Mark Walker launches grassroots run for U.S. Senate. In a fast-paced four-minute video released last week, the outgoing Congressman casts himself as a “conservative warrior” and “bridge builder” who has taken on radicals and the establishment. The video also touts two significant endorsements, Greensboro civil-rights hero Clarence Henderson and former Arkansas Gov. Mike Huckabee.
With a large and diverse group of supporters in his introductory video, Walker is clearly signaling that he’s going to run a grassroots-heavy campaign. In a crowded Republican primary, a large field organization would be a significant advantage. Though Walker is not someone who will clear a primary field (nobody would in this election, though), his early announcement is also looking to force other candidates to make their intentions known early. We should have a good idea who will be in this race sooner rather than later.
A thaw in Charlotte-General Assembly relationship? For decades, the General Assembly has viewed the “Great State of Mecklenburg” with something like disdain. This is a problem for Charlotte, because if the city wants to make any progress on their goals — think transit and affordable housing in particular — they’ll need buy-in from the General Assembly.
That’s why it piqued my interest that House Speaker Tim Moore was a guest on the latest edition of R&D in the QC, the podcast hosted by Charlotte city councilmen Tariq Bokhari and Larken Egleston. They discuss the relationship between Charlotte and state government and how to improve it.
I don’t want to read too much into a podcast episode, but it’s a huge deal if this signals a thaw in their icy relationship. Don’t count on it being easy, though.
Charlotte’s latest transit plan presented last week calls for a 1-cent sales tax increase, which would need legislative approval. Rep. Jason Saine is already on record calling the proposal “tone-deaf,” and I tend to agree. Charlotte needs to spend some time building mutual respect, learning what the legislature values and learning how to communicate the city’s value to the state. And perhaps not proposing a multi-billion-dollar tax increase without talking it over with them first.
GOP loses every toss-up race in Wake and Mecklenburg. I wanted to write a piece about how John Bradford and Erin Pare’s victories in their State House races bodes well for the Republican Party. But as I dove deeper into the data, what I saw was a little depressing. Both Pare and Bradford are in Republican-leaning districts with an R+2 or more, according to the Civitas Partisan Index. Not to take anything away from the candidates, but this means the historic turnout tended to help them more. The GOP went 5/12 in toss-up districts, including losing every single one in Wake and Meck.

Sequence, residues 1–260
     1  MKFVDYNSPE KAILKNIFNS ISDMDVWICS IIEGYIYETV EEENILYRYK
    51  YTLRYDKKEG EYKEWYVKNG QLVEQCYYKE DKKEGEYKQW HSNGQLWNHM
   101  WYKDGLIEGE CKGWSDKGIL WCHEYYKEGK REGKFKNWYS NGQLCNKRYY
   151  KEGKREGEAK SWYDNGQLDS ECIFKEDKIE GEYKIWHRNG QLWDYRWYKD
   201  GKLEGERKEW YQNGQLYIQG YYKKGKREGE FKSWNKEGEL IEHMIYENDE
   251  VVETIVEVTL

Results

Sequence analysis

I don’t see too many broad lessons future candidates can take from these two races. Republicans will need a new (or better defined) message to compete moving forward in inner-ring suburbs.
I’ll really miss N.C. Spin. The weekly uninterrupted debate for the Old North State is coming to an end, again. The show nearly died in 2017 when WRAL dropped it, then got canceled again last year in a decision by the UNC Board of Governors that was later overturned. I enjoyed the rapid-fire discussion of North Carolina politics. If anybody wants to start a new show, hit me up.
Watch out for false media stories on election results. The Charlotte Agenda published a long, hand-wringing piece about the Myers Park neighborhood voting for Donald Trump despite hosting a Black Lives Matter protest a few months before the election. The only problem? The premise is false. Almost certainly, Myers Park went deep blue.
Election results on the State Board of Elections website only break down election day and early votes by precinct. Absentee by mail ballots aren’t available by precinct yet, and won’t be for at least another month. Mail-in ballots, of course, are heavily Democrat this year — and Biden only has to pick up 77 votes to flip the precinct. Be very skeptical of any media stories you see about precinct-level results until the new year.
Sen. Kathy Harrington (R-Gastonia) was elected Senate majority leader, becoming the first woman to hold the position.
Gov. Roy Cooper is headlining a fundraiser for the two Democrats in Georgia’s Senate runoff election to be held Jan. 5.
The ban on local non-discrimination ordinances has now expired.This was part of the HB2 repeal bill. The N&O reports that cities aren’t jumping to pass them this calendar year, but note that LGBT activist groups will be pushing for them.